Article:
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How Much Should Industrial Buy Into These 3 E-Commerce Trends?


Industrial real estate has looked unbeatable over the last few months, and the coronavirus pandemic has prompted a slew of predictions about the future of e-commerce: that consumers won’t go back to brick-and-mortar, or that retailers will start using warehouses to stockpile supplies for another crisis, boosting industrial demand higher than we’ve ever seen. 

How much truth is there in these predictions, and how much is just wishful thinking for the industrial market? Bisnow sat down with JLL Executive Vice President Matthew R. Powers, who studies the big picture of American e-commerce distribution, to gauge his expectations for the e-commerce market.

Will consumers make the switch to e-commerce forever? 

The pandemic has pushed more Americans than ever to try out online shopping. But will those consumers go right back into stores when they get the chance, or does the pandemic mean a long-term shift toward e-commerce — and a surge in demand for warehouse space?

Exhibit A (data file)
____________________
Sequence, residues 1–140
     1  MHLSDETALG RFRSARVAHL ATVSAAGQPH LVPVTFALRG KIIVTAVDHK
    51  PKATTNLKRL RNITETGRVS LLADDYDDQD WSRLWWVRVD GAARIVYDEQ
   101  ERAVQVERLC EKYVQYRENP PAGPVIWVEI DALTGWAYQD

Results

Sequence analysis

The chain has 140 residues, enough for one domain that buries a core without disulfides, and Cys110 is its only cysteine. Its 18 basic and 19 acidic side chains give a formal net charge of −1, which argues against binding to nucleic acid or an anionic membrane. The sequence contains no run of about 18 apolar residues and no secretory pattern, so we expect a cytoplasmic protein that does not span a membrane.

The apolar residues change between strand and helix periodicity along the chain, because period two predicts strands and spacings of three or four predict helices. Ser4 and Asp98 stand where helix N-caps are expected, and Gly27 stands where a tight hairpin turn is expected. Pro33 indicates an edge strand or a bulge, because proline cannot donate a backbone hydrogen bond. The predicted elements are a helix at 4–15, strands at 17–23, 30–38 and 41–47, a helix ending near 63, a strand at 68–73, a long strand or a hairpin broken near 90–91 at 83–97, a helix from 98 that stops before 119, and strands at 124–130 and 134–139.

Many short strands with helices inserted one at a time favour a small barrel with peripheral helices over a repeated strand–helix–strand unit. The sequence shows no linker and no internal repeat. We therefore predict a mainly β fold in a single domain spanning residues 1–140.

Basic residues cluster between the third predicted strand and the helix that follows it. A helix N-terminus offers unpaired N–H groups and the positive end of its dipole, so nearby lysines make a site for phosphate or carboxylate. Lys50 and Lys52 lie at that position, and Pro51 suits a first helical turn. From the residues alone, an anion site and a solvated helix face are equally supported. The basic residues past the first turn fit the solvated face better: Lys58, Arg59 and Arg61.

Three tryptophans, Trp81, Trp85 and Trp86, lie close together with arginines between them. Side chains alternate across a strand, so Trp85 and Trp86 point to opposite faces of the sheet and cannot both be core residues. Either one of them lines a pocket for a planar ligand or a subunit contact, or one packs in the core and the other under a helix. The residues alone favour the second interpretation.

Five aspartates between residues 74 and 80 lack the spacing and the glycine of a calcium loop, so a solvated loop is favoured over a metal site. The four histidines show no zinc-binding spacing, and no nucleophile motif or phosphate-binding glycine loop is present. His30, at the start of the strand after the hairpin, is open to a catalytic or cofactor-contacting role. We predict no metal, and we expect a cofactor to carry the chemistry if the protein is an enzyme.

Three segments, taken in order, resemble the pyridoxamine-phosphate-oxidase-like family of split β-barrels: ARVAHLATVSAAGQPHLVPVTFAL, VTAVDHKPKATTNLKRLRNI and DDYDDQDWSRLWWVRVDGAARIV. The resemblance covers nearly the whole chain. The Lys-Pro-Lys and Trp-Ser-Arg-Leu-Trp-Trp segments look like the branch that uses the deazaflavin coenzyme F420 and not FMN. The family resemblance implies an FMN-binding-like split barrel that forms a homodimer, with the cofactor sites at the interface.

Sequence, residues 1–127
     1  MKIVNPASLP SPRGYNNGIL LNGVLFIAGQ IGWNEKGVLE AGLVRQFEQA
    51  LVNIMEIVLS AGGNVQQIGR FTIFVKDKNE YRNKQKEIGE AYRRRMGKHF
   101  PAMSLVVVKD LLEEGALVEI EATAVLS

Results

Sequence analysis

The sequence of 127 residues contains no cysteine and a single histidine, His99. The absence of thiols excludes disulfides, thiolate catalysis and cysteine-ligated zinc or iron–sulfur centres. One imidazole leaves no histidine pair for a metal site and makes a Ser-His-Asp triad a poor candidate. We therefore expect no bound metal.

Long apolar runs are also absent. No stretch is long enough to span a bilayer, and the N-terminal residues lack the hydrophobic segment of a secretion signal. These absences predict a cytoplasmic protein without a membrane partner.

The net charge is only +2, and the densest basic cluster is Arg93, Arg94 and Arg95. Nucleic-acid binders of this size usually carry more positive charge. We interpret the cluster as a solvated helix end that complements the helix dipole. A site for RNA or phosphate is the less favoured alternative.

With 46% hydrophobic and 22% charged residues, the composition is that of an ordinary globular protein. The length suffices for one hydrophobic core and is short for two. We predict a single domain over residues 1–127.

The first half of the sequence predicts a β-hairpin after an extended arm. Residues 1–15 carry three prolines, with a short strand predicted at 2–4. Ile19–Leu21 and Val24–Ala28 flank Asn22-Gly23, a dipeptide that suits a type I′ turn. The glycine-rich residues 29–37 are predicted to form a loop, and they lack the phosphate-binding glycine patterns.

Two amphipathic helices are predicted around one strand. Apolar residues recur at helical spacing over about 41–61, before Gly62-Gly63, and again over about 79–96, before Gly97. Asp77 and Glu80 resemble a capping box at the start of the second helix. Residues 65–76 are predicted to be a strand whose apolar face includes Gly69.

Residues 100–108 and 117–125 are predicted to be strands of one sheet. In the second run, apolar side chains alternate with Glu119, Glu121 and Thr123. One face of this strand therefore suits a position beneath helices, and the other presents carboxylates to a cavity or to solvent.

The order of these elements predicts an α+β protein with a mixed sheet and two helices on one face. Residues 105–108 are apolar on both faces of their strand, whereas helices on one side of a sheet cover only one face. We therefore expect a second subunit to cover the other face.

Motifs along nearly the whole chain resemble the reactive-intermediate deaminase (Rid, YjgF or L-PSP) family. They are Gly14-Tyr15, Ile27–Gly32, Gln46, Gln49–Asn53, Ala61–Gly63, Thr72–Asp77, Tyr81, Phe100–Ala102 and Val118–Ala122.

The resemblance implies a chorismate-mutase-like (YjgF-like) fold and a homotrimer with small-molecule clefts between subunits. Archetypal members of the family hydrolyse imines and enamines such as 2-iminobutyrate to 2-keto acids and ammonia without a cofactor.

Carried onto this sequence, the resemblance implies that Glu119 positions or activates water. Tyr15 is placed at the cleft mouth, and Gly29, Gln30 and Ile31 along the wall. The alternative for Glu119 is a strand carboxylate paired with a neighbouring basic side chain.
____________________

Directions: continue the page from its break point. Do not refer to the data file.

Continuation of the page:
Powers expects that while some consumers may never get used to doing their shopping online for daily needs like groceries, the majority are going to permanently expand e-commerce's role in their daily lives. The slow but unstoppable shift to e-commerce that retailers and distributors foresaw years ago has only accelerated, and warehouse leasing is not likely to stagnate after the pandemic.

“When you’re talking about essential businesses, you’ve almost seen a doubling in their industrial demand,” Powers said. “That is expediting how quickly they want to get into markets around the country. Instead of a 10- to 15-year industrial growth plan, it’s now a five-year growth plan.”

While Powers expects large leasing demand from retail giants — like Walmart, Home Depot and Lowe’s — that are looking to expand their distribution networks, he expects a similar spike in demand from smaller retailers that will be entering the online shopping market for the first time.